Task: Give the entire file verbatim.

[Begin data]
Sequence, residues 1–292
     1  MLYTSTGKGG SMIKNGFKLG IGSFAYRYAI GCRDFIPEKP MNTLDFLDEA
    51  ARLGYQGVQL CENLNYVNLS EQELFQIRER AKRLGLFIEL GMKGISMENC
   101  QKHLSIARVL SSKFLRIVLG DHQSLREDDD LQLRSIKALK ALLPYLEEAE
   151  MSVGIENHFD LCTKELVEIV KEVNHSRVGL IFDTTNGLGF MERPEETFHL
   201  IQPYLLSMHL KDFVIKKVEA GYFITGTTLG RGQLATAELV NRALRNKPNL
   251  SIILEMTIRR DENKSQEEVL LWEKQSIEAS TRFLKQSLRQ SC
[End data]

Sequence, residues 1–292
     1  MLYTSTGKGG SMIKNGFKLG IGSFAYRYAI GCRDFIPEKP MNTLDFLDEA
    51  ARLGYQGVQL CENLNYVNLS EQELFQIRER AKRLGLFIEL GMKGISMENC
   101  QKHLSIARVL SSKFLRIVLG DHQSLREDDD LQLRSIKALK ALLPYLEEAE
   151  MSVGIENHFD LCTKELVEIV KEVNHSRVGL IFDTTNGLGF MERPEETFHL
   201  IQPYLLSMHL KDFVIKKVEA GYFITGTTLG RGQLATAELV NRALRNKPNL
   251  SIILEMTIRR DENKSQEEVL LWEKQSIEAS TRFLKQSLRQ SC